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Art & Life with Alexis Wade

Today we’d like to introduce you to Alexis Wade.

Alexis, please kick things off for us by telling us about yourself and your journey so far.
My story is the age-old tale of a teenager who didn’t do well in Math and Science in high school and gravitated towards the arts. Thing is the only arts my high school had was ceramics and, very thankfully, an incredible teacher at the time, Mr. Price.

Can you give our readers some background on your art?
Ceramics toes the line between the art world and the craft world, but I think that’s what continues to draw me to the medium. As with sculpture, you have an autonomous object that is being considered as much from the front view as from the back, and I love that there is consideration taken from every perspective. While some artists make standalone pieces, I tend to prefer objects that are functional; part of the joy I take in making things is incorporating them into my home and using them.

I also enjoy that clay is a fancy name for dirt. Really, I’m just an adult playing around with dirt all day in the studio when you break it down.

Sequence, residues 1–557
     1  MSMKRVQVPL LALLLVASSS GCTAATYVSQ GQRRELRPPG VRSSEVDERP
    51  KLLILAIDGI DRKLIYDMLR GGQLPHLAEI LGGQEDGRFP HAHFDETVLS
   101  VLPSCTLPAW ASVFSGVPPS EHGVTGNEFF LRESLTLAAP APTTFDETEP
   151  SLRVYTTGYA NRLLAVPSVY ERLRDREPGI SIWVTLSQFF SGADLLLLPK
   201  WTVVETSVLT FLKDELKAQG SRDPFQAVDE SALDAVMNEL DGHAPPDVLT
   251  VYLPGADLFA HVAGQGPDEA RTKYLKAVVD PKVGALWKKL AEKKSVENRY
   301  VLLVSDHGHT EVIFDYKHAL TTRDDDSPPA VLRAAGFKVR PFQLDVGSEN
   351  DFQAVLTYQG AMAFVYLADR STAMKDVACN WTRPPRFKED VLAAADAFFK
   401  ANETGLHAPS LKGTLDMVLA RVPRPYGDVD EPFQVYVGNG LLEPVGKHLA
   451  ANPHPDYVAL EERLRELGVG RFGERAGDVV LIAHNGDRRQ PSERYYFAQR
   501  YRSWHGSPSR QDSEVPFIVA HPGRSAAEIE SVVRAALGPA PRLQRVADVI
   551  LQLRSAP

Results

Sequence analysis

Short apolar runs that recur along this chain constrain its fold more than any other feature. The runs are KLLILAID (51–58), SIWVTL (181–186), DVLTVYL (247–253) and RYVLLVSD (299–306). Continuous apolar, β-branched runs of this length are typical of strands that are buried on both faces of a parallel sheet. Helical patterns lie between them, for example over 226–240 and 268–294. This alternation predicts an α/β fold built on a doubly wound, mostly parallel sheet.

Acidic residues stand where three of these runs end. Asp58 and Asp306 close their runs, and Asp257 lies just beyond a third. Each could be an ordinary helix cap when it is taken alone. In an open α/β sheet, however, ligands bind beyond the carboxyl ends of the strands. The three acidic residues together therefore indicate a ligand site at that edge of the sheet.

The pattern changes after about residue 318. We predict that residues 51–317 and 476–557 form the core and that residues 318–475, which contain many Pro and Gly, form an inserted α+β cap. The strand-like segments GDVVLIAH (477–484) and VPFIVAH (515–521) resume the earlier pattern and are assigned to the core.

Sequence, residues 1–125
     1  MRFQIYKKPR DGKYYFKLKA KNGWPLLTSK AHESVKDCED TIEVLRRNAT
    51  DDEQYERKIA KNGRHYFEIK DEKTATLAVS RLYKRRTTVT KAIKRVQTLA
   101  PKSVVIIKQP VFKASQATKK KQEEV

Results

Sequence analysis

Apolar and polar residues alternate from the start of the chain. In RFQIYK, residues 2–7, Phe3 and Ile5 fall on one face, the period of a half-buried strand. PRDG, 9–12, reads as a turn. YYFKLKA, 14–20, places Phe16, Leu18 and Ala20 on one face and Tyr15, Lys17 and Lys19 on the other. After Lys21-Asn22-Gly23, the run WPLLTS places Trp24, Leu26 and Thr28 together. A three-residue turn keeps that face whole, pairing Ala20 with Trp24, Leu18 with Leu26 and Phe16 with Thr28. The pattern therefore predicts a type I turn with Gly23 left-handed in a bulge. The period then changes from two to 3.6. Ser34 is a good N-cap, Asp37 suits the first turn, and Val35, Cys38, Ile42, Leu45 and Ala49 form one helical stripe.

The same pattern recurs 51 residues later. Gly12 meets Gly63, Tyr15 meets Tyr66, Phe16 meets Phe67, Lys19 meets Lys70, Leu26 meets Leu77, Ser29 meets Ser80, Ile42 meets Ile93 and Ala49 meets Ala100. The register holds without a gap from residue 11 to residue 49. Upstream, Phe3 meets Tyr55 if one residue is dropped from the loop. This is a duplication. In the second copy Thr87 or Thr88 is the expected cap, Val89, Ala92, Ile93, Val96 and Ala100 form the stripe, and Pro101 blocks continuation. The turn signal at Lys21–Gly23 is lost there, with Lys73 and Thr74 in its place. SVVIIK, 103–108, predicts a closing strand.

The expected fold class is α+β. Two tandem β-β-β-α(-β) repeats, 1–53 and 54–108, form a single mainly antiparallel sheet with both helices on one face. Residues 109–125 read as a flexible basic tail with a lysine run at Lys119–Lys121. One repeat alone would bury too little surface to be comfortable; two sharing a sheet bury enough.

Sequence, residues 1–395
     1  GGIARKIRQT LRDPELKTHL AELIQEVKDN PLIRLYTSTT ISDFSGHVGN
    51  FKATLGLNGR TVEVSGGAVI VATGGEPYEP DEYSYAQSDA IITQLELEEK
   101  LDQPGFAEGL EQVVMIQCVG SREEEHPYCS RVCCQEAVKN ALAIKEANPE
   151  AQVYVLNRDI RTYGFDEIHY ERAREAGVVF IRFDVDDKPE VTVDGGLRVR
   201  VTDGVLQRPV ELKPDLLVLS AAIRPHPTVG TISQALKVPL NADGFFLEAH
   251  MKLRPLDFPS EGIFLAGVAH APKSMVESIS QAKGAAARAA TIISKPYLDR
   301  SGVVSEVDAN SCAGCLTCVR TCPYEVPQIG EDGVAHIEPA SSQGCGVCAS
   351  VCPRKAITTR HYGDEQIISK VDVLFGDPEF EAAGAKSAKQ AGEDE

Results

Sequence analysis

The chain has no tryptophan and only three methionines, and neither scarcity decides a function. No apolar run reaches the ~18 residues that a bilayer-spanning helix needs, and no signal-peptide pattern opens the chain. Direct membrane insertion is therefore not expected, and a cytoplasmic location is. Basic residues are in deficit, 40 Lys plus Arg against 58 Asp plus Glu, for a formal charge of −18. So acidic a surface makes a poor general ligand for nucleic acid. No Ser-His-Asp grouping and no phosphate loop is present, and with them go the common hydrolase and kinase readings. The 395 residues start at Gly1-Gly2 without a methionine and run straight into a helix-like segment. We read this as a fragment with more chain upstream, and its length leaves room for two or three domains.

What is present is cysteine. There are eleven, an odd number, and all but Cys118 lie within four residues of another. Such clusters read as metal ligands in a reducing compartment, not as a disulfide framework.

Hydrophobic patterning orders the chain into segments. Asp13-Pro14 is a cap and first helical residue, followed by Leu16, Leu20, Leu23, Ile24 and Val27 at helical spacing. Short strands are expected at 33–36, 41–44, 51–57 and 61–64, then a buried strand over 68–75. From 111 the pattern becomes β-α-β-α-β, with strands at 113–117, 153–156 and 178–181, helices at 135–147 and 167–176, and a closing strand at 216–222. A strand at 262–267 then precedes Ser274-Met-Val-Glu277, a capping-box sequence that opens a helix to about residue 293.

How do you think about success, as an artist, and what do quality do you feel is most helpful?
Empathy? This is kind of a big question. You can obviously dig much deeper, but even on a surface level, if I’m making an object, I take great care thinking about how someone will interact with something I make. If it’s an item like a coffee cup, I ask, “how will it feel in their hand? How is the weight distribution? Will part of the hand get too hot holding the cup if there’s a hot liquid in it?” You might say that’s just a facet of good/poor design, but it’s also just purposeful consideration of someone else.

What’s the best way for someone to check out your work and provide support?
I sell my work online and at Otherwild, a boutique store on Vermont. Since I work full time as an Art Director in the film industry, ceramics is my outlet for my own creativity rather than helping interpret and materialize a Production Designer’s vision. As such, I don’t have time often to make a lot of volumes to sell my work, but I fully encourage people to get their hands dirty and try out ceramics for themselves. Continuing to grow the ceramics community out here in Los Angeles is a great boon to the studios that currently support a lot of ceramic artists.

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Image Credit:
Alexis Wade

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